The failure of the no confidence motion on the Prime Minister is a fresh opportunity to usher in political stability, strengthen the government’s capacity and efficacy and enhance economic development. Failure to achieve a policy consensus and common program for the next eighteen months would certainly be suicidal for the coalition partners and a severe [...]


An opportunity for effective governance or another missed opportunity?


The failure of the no confidence motion on the Prime Minister is a fresh opportunity to usher in political stability, strengthen the government’s capacity and efficacy and enhance economic development. Failure to achieve a policy consensus and common program for the next eighteen months would certainly be suicidal for the coalition partners and a severe setback to the economy at this critical juncture.

Common economic policy
Although the two main parties that formed the unity government in 2015 have very divergent views on economic policies, it is in their interests to arrive at a common economic program and implement it effectively. Without such a consensus on economic policies, the economy is unlikely to grow adequately, the problems of the economy would aggravate and cause severe hardships to the people. Economic sluggishness would reduce the country to one of the few backward countries of Asia.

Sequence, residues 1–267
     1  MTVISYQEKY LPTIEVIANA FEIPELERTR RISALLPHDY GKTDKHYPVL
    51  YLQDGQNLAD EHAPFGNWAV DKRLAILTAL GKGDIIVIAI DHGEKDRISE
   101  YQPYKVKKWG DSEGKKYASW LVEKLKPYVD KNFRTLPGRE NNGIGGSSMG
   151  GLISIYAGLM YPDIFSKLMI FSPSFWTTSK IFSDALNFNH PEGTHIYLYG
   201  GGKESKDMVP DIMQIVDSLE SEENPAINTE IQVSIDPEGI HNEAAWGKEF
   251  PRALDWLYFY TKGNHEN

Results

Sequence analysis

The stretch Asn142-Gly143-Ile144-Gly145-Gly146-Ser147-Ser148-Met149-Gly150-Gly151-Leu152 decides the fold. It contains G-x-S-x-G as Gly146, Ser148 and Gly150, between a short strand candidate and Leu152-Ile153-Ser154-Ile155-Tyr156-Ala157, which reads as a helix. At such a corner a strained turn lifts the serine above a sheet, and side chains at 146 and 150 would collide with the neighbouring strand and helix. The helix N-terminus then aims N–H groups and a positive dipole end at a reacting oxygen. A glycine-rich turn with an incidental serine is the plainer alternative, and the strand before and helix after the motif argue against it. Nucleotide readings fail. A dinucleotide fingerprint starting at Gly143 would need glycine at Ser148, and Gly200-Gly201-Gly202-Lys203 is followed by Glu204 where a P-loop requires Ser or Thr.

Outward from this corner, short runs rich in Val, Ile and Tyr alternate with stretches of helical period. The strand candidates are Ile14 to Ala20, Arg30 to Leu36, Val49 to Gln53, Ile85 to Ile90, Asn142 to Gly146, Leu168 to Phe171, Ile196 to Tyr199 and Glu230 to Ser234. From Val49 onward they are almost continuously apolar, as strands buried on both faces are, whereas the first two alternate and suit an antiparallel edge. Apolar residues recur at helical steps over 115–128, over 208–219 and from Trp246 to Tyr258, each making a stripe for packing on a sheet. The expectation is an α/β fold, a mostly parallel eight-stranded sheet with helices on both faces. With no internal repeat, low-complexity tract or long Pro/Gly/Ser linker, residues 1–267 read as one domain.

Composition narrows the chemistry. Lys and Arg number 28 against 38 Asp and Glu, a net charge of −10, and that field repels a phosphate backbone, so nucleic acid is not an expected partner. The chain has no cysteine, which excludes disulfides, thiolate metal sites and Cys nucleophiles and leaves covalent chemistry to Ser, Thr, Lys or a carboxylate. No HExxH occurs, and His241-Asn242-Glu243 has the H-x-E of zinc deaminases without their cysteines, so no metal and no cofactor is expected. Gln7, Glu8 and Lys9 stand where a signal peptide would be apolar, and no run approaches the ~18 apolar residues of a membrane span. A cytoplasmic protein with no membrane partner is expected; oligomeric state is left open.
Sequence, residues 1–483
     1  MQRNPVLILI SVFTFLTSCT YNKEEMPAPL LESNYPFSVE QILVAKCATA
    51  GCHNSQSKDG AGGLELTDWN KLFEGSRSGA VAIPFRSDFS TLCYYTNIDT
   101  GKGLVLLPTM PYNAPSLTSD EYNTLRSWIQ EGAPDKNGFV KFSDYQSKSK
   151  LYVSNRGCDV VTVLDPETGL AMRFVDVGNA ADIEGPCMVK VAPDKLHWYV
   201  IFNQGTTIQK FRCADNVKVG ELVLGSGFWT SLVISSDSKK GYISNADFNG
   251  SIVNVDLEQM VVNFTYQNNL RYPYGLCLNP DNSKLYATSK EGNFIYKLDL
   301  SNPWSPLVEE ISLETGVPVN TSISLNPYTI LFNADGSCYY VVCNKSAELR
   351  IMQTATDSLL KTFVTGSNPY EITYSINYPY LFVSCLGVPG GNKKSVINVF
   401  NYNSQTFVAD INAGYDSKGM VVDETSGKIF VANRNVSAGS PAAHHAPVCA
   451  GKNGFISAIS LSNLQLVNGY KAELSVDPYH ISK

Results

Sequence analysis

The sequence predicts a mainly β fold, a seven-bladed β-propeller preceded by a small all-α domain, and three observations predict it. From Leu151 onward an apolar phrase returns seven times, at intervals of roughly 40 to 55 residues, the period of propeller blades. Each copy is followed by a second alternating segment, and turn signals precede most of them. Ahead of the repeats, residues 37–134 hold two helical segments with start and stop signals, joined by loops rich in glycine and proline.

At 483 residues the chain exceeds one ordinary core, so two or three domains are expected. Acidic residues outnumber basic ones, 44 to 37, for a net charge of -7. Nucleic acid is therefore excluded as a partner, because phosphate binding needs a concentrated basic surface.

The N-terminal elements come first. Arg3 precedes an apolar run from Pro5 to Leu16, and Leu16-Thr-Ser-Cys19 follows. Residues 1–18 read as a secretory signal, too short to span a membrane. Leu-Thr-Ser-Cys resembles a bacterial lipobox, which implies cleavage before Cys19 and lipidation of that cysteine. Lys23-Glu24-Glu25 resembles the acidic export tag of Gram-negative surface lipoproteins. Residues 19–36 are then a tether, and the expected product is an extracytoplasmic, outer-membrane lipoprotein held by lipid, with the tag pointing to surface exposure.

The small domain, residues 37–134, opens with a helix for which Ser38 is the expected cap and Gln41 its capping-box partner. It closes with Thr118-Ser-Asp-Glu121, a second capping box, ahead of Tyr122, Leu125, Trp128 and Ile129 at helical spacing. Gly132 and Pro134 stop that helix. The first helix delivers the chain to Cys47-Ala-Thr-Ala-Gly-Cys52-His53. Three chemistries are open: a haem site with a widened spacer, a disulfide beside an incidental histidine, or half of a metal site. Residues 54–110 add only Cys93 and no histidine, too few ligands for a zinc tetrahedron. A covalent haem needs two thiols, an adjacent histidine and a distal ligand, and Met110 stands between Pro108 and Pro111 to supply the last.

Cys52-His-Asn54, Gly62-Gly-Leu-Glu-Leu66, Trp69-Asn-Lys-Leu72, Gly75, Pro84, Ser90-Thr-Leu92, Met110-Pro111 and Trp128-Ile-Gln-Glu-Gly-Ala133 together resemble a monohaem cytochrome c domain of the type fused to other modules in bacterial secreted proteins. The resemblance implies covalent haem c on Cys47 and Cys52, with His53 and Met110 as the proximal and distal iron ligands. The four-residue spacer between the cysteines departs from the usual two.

Government’s weaknesses
Despite the boast of the coalition that for the first time in the country’s political history, the two main parties of the country had come together, there was no agreed agenda. The fundamental prerequisite of a coalition is an agreed policy program that is strictly adhered to. Most conspicuous was the lack of a consensual economic policy.

The unity government had the seeds of failure within it from its commencement especially in economic policy implementation as it did not have an agreed economic policy agenda. The first articulation of economic policy of the government by Prime Minister Ranil Wickramasinghe on November 5th 2015 proved to be his personal policy statement rather than one agreed by the government. No sooner it was announced members of the government openly opposed its policy agenda. To make it worse even the finance minister’s 2016 budget a few days later was in contradiction with the principles of the Prime Minister’s Economic Statement.

It is interesting that President Sirisena recently admitted that this lack of a common agenda was the cause of its failure. This realisation after half the government’s tenure was over is astonishing. Nevertheless the implication of this admission is that an agreed economic program even at this late stage is imperative. The need of the hour is a new alignment of MPs who can work together single mindedly on an agreed economic agenda. However irresponsible utterances and actions of ministers and government MPs do not lend much hope of such an agreed economic policy.